Grown-up Christmas List Part 2

I’d like to start my Christmas shopping, but don’t have any idea of what to buy anyone. I asked my kids to give me a list of what they want. My son said that’s too easy. Instead he suggested I think about what I would like him to have. The first time I asked my daughter she gave me a list of what she called lame-things-to-get-for-Christmas – a dressy winter coat, ear buds and moccasins with fur (but not UGGs). But then she made it clear that she would be quite disappointed if she received anything off this list. Practical, but not fun. When I asked her a week later for the real list, she replied that she would get back to me.

That was two days ago and still no list.

It’s hard to think up a wish list when you have everything you need and most of what you want. Not to mention the fact that most of our closets and drawers are stuffed to the brim. The overflow moves to the garages, and when that’s full to a storage unit. And as a result, there is more than 2.35 million square feet of self-storage space in the United States, which is equivalent three-times the size of Manhattan island.

Those statistics make the idea of a grown up Christmas list more compelling. The focus would be on the change we’d like to see in the world and/or ourselves.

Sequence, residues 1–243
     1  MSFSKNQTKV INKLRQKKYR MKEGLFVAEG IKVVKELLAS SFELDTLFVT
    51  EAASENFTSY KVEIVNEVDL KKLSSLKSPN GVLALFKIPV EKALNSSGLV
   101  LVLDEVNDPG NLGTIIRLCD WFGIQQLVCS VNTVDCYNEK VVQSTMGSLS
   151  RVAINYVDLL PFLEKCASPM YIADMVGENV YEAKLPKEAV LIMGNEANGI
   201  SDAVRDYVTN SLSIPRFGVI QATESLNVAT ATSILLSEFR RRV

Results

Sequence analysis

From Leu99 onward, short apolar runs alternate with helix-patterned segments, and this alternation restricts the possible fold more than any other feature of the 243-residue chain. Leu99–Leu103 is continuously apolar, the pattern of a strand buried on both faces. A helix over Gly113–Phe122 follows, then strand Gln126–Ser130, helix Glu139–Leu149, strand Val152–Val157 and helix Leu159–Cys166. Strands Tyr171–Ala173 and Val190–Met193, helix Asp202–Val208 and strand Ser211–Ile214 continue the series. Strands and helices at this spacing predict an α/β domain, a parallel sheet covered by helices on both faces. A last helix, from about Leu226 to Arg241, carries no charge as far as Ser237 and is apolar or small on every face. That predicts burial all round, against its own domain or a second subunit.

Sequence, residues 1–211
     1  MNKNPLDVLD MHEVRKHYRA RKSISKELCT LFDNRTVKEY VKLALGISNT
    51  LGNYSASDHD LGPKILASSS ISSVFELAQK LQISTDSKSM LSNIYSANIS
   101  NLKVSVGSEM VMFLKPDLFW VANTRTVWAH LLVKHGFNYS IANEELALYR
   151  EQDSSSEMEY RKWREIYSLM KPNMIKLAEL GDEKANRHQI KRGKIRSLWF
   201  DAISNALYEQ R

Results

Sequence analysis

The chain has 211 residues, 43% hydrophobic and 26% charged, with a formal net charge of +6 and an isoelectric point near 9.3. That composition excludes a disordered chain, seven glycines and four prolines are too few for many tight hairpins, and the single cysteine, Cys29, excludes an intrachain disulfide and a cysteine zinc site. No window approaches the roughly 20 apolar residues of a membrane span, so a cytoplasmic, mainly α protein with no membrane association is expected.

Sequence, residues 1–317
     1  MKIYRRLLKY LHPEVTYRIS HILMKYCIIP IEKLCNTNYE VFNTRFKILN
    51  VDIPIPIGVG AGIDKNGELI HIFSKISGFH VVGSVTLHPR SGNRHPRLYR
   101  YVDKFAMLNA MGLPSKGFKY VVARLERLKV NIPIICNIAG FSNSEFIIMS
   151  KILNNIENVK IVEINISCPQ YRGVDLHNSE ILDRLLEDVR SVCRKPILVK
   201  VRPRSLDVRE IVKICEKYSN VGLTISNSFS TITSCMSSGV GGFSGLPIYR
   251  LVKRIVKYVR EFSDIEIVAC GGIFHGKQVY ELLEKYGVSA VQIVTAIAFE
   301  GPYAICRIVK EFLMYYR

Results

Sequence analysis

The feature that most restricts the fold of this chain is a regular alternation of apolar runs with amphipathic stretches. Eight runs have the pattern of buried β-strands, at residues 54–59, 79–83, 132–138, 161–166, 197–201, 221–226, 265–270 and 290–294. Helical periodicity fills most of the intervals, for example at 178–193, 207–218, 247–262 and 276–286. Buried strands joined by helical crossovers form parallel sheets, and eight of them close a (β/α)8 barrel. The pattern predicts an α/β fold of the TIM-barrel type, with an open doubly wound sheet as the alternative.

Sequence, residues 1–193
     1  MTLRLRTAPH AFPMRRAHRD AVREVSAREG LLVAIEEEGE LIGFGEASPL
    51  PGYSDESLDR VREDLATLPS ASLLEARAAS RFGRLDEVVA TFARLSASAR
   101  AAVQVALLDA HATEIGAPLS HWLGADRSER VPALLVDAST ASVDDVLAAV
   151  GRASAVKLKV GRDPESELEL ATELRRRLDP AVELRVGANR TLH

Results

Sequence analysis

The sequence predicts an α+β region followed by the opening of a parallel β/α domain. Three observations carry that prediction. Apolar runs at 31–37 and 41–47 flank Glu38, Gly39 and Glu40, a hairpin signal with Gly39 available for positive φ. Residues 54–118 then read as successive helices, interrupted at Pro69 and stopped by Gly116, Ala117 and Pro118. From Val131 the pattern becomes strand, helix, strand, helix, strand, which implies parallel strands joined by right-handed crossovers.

I’ve been thinking a lot about this concept and decided I should practice what I preach. So here are the five things I want for Christmas.

  1. I want the food I eat to be an extension of my faith and integrity. It should be honoring to my body. It should come from farms and facilities where the people are treated with dignity and paid a living wage. And the meat should come from farms with husbandry and management practices that promote animal welfare. I’m sure there are those who might argue that eating meat in general doesn’t promote animal welfare, but that’s a debate for another time.
  2. I want walking and yoga to be more than just something I do occasionally. I want it to be the way I live. I want to crave the activity like coffee in the morning. I want those two activities to be my go to for refreshment and renewal.
  3. I want to eliminate the stigma associated with mental illness. To see it treated with the same compassion and concern that we treat cancer or other illnesses so that we can give people the help they need.
  4. I want compassion and love to be the driving force between our interactions with one another.
  5. And on a personal note, I want to be a part of book club that deeply discusses books from the point affecting social change.

A bit lofty and difficult to shop for, I know. But writing that list has helped me figure out what to buy.  I might not need a list from my kids after all.

Thoughts???

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